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« We still have choice (2) | Main | Do Lectures documentary 2009 »

We still have choice

With the COP15 Copenhagen climate talks starting in a few days, there may not yet be much of a feeling of optimism in the crisp autumn air, and there is widespread recognition that the liklihood of a binding, realistic and strong set of emissions targets is small. We do however, have many choices still in front of us.

  • Regardless of the COP15 outputs, we'd still be smart, at some stage soon, to make some choices about:
  • When to start creating a robust plan for food resilience
  • When to implement planning restrictions on low level coastal land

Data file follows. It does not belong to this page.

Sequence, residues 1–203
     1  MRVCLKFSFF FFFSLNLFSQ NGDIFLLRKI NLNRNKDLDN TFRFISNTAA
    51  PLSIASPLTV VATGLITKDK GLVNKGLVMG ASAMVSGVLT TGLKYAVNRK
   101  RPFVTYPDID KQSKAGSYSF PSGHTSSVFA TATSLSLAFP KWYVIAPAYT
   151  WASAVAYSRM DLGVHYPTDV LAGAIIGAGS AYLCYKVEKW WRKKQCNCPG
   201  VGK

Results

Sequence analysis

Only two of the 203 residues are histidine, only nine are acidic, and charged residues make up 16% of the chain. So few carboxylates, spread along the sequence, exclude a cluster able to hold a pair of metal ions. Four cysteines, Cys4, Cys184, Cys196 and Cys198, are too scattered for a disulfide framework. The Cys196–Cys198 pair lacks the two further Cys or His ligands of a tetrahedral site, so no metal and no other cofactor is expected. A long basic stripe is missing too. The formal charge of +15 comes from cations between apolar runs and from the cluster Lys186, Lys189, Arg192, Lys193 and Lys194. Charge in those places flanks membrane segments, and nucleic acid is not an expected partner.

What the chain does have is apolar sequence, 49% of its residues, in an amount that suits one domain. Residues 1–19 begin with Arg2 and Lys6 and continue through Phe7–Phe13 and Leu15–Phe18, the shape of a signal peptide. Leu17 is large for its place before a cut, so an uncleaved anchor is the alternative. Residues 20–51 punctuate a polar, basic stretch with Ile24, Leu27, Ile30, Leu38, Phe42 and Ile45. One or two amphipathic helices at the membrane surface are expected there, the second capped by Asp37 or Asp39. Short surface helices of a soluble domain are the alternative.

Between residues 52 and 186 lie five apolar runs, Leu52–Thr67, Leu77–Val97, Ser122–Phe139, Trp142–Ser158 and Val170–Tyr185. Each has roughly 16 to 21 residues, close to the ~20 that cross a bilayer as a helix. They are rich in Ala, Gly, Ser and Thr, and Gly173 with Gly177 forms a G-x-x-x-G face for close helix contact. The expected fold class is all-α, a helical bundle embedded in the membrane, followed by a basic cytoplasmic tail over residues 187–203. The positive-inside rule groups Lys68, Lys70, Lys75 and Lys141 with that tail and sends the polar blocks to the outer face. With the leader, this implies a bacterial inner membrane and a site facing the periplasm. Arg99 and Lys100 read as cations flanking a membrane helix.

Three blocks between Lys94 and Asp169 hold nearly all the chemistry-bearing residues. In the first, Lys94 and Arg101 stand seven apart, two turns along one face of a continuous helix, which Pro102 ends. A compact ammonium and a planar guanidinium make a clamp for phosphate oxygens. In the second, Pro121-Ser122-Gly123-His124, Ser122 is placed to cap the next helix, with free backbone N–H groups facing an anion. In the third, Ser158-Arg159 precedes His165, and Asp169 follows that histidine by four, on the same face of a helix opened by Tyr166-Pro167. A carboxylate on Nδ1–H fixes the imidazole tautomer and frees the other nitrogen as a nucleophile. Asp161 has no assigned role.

• When to integrate potential responses to peak oil and energy security into our strategies.

George Monbiot put it neatly in the Guardian the other day:

In its new World Energy Outlook, the International Energy Agency (IEA) maintains that, to meet new demand and replace old equipment and exhausted reserves, the world will have to invest $25.6tn in energy supply infrastructure between now and 2030. The industrialised nations would also need to pay a fortune to the Opec countries to maintain their oil and gas supplies: the IEA predicts that the oil producers' income will rise fivefold in this period, to $30tn. These costs will be much higher if oil supplies peak.If moving to a low-carbon economy looks implausible, so does maintaining the high-carbon economy. Whichever route is taken, staggering amounts of money need to be spent. As resources become harder to extract and concentrated in fewer countries, it shouldn't be too difficult to persuade world leaders that the money might as well be spent on exploiting ambient energy, which will neither run out nor allow us to be held to ransom.

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